Keywords: polar marine ecosystems, ocean warming, sea-ice decline, ocean acidification, ecological drivers, biodiversity, food-web dynamics, sympagic-pelagic-benthic coupling, ecosystem functioning.

1.3.3  Polar microbes, genetics, and molecular biology

Convenor: Carlos Pedrós-Alió, (Spain)
Co-convenors: Yoo Kyung Lee, (Korea) and Trista Vick (United States).

Microbes are important players in Polar habitats. They are major drivers of biogeochemical cycles in aquatic and terrestrial ecosystems. In the Arctic, for example, the thawing of permafrost could lead to dramatic increases in microbial activities and carbon decomposition with subsequent release of greenhouse gases. In the Antarctic, microorganisms are important in mediating nutrient cycling in surface lakes and subglacial environments. Understanding microbial populations and metabolisms is therefore necessary for determining the biogeochemistry in Polar ecosystems. In addition, survival mechanisms of microbes exposed to sub-zero conditions or freeze-thaw cycles contribute to our understanding of the resilience of life and to advances in biotechnology and astrobiology. This session will include current work in microbial ecology, microbial diversity, biogeography, genetics and metabolisms and is concerned with modern molecular tools such as genomics, metagenomics, or next generation sequencing as well as classical genetics and molecular techniques.

Keywords: polar microbes; microbial ecology; microbial diversity; genetics; molecular techniques.

1.3.4  Contaminants in polar environments

Convenor: Hayley Hung (Canada) and Lisa Loseto (Canada)
Co-convenors: Pedro Echeveste (Spain).

The Polar Regions receive contaminants, such as persistent organic pollutants (POPs), mercury, other metals and radionuclides, from far-away sources. Many of these pollutants have no local sources and/or were never used in the Arctic or the Antarctic but are detected at levels high enough to risk the health of the environment and humans. In this session, we will explore the current status of contaminants; their transport pathways; reaction, degradation and multimedia partitioning processes; fate, trends and impact on the polar environment, biota and humans; and how current and predicted changes in climate would affect contaminant distribution and trends. This session welcomes studies on all aspects of contaminants in the Arctic and Antarctic atmosphere, hydrosphere, cryosphere, terrestrial and marine biota, and humans. Evaluations on the effects of a changing climate on polar contaminants are welcomed. Presentations are not limited to IPY activities, but all research studies conducted within the timeframe of IPY (2007-2009) and subsequently, and should include observations from field, laboratory and modeling studies.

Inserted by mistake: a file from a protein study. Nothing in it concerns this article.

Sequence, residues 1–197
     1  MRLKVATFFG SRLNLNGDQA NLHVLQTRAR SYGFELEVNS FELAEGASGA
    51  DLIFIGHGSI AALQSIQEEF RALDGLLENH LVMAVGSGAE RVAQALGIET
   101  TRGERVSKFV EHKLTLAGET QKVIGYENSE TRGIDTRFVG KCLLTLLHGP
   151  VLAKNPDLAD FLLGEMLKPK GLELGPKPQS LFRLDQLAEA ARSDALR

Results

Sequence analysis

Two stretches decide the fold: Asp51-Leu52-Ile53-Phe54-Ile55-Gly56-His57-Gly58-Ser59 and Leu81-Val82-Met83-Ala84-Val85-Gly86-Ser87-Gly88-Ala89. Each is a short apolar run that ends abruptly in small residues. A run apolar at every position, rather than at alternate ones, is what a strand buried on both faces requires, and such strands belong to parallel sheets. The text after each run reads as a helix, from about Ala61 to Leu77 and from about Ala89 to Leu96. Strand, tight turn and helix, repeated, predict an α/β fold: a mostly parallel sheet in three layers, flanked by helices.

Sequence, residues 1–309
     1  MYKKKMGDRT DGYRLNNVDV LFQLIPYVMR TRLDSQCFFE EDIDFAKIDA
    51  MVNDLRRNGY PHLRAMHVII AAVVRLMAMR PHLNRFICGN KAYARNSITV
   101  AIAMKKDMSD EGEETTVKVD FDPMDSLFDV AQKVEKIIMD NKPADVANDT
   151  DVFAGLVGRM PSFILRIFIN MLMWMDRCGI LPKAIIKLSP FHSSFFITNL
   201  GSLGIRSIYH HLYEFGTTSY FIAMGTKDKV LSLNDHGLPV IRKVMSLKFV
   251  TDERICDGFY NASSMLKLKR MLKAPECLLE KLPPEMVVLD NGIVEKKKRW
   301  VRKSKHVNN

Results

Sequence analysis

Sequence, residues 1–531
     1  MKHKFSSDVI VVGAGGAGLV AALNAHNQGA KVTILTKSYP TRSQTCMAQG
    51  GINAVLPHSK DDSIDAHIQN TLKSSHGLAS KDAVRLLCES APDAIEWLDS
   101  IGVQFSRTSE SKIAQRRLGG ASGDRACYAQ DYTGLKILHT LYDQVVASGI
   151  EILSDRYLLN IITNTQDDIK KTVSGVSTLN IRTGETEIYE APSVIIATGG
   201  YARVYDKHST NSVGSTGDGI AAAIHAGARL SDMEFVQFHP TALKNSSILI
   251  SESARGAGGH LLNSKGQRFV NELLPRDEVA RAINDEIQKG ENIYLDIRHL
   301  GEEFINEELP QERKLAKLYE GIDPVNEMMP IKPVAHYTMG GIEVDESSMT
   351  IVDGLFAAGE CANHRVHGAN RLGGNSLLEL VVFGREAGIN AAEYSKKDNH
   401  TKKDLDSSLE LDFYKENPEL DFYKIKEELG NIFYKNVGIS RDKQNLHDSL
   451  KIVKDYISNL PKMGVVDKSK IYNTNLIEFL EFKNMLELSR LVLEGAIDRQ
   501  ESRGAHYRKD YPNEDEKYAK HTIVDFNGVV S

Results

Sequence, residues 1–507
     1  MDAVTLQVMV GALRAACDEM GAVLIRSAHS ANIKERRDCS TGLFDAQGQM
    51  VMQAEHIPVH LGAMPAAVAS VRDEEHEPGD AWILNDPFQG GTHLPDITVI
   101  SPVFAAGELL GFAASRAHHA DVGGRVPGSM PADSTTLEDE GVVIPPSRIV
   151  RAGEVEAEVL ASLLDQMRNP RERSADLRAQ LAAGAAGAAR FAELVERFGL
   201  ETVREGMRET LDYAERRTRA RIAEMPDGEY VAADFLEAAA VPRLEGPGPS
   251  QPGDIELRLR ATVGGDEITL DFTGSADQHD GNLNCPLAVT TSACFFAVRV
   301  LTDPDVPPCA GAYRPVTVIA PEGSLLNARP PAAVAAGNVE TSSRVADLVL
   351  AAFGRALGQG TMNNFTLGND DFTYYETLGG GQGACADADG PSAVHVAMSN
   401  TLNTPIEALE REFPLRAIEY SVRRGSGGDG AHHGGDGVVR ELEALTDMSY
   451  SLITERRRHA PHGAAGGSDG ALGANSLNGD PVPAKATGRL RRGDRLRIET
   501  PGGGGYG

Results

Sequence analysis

Keywords: persistent organic pollutants (POPs); mercury; metals; radionuclides; climate change.

2.3.5  Impacts of change and development on biodiversity and polar ecosystem services

Convenor: Louis Fortier (Canada)
Co-convenors: Jean-Sébastien Moore (Canada).

This session will focus on reviews and syntheses of results that capture the on-going and/or potential alteration of polar biodiversity and ecosystem services caused by environmental change or modernization or both. Regional, hemispheric or bi-polar syntheses that provide a prognosis on the future of biodiversity or that of a specific ecosystem service (e.g. fisheries, wildlife, vegetation, drinking water, tourism, GHG sequestration, erosion control, etc.) are invited. Baseline studies that inventory biodiversity, or document/quantify current ecosystem services are also accepted. Multidisciplinary syntheses that integrate the impacts of change in several sectors to produce an integrated regional or circumpolar assessment are particularly welcome. This session will be the occasion to review documented impacts as well as to speculate on future impacts under different scenarios of change, from the most optimistic to the most pessimistic.

Keywords: environmentally sustainable development; ecosystem services; strategic initiatives; polar biodiversity.

2.3.6  Linking science and policy towards environmentally sustainable development in polar regions

Convenor: David Hik (Canada)
Co-convenors: Aqqaluk Lynge (Greenland) and Klaus Gantner (Canada).

While session 2.3.5 addresses the impacts of change and development on ecosystem services, this session focuses on ways to assess the value of polar ecosystem services and on policies and strategies to preserve and optimize this value under the double stress of climate change and economic development. Can changes in polar ecosystem services be measured in terms of socio-economic costs and benefits? How do strategies to mitigate the impacts of oil and gas exploitation compare between the Siberian and North-American Arctic? What are the benefits and costs of moratoria on commercial fishing in Arctic marine waters? How can resource exploitation benefit local communities? Are there examples of strategic initiatives that facilitate a coordinated and co-operative approach to environmentally sustainable development and encourage long-term benefits over short-term gains? Are there mitigation and adaptive strategies and technologies in other remote areas of the globe that can be implemented in the Polar Regions? What are the best practices for science to inform environmental policy in Polar Regions? This session welcomes contributions from researchers, policy makers and the private sector on all aspects of environmentally sustainable development in the Polar Regions.